Canal Winchester Superintendent Jim Sotlar is ringing in 2014 with three main goals.
Beginning his second year at the helm of the school district, Sotlar has set financial stability, academic growth and future growth and development as his top priorities.
With the current three-year emergency levy that generates $5.83 million a year set to expire Dec. 31, 2014, the renewal of the levy is "critical to the financial health of the district," Sotlar said.
The school system's five-year financial forecast indicates that without the renewal of the emergency levy, the Canal Winchester schools face a $5.3 million negative cash balance by June 30, 2017 and $13.9 by June 30, 2018.
"I firmly believe that a strong community equals a strong school system equals a strong community," Sotlar said. "We will continue to provide a quality education program, while being good stewards of taxpayers' monies, but will need the support of the community to keep the district in good financial standing."
If the current emergency levy expires without being renewed or a substituted, "The district would no longer have the ability to renew the levy and take advantage of the state continuing to pay the 12.5-percent rollback.
"This means that the taxpayers would have to pay the full $5.83 million instead of the approximate $5,101,250 that they are currently paying," said district Treasurer Joyce Boyer.
At its November meeting, the Board of Education discussed the benefits of placing a substitute emergency renewal on the ballot for the same amount as the present emergency levy.
This substitute levy would allow the district to collect what it currently receives from existing homeowners and businesses, but would also generate monies from new construction in the district.
On Dec. 16, the board took the first step to place a levy on the ballot by unanimously agreeing to send to the Franklin County Auditor's Office three Resolutions of Necessity for a $5.83-million substitute emergency renewal levy.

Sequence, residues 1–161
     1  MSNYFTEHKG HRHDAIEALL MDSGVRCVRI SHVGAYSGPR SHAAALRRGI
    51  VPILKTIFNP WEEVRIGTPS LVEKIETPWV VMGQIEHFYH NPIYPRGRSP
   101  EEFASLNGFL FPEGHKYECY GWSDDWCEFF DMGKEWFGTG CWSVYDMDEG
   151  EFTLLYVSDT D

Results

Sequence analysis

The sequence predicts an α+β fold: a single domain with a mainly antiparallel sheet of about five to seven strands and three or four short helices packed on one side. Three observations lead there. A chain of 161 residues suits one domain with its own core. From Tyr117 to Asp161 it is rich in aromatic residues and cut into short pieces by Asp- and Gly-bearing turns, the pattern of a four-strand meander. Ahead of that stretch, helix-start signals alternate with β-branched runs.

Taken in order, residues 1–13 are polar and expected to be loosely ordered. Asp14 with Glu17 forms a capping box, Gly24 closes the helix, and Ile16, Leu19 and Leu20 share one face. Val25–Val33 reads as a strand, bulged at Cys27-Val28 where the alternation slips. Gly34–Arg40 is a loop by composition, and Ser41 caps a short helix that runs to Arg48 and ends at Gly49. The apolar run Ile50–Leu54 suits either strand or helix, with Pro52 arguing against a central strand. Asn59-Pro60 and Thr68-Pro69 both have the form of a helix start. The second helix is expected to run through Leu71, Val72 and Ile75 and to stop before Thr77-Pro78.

While the three resolutions are seeking the same dollar amount, the levies would be in effect for either five years, seven years, or for a continuing period of time.
The school board will decide which one of these resolutions, if any, to place on the ballot at its meeting Jan. 13.
Both the Resolution of Necessity and the Resolution to Proceed must be taken to the Franklin County Board of Elections by the Feb. 5 filing deadline to be on the May 6 ballot.
Sotlar's second goal for the new year is to "embrace education today" and work toward changes to prepare Canal Winchester students for the future, college and career readiness.
"Incorporating technology, collaborative learning and engaging students in the classroom every day provides the skills necessary to succeed in the ever-changing world we live in," Sotlar said. "Blended learning, STEM, digital curriculum, and social and emotional learning are areas we will continue to focus on."
The third area of focus for Sotlar in 2014 is the district's master plan, which was last reviewed in 2008 and was developed by the Ohio School Facilities Commission.
The master plan looks at the building needs, improvements that have been made to the schools and future facilities needs of the district. While it was discussed at a board meeting last October, no formal action was taken.
"Later in 2014, the district will discuss the possibility of updating the plan to lay out a foundation for future growth and development," Sotlar said.
While the new year brings opportunity to set new goals for the school district, Sotlar also understands that there will be challenges ahead.
In addition to the need to pass a levy, the school district will be wrestling with the new state assessments for students that begin in the 2014-15 school year, new graduation requirements that first impact the 2014-15 freshman class and new items being added to the State Report Card.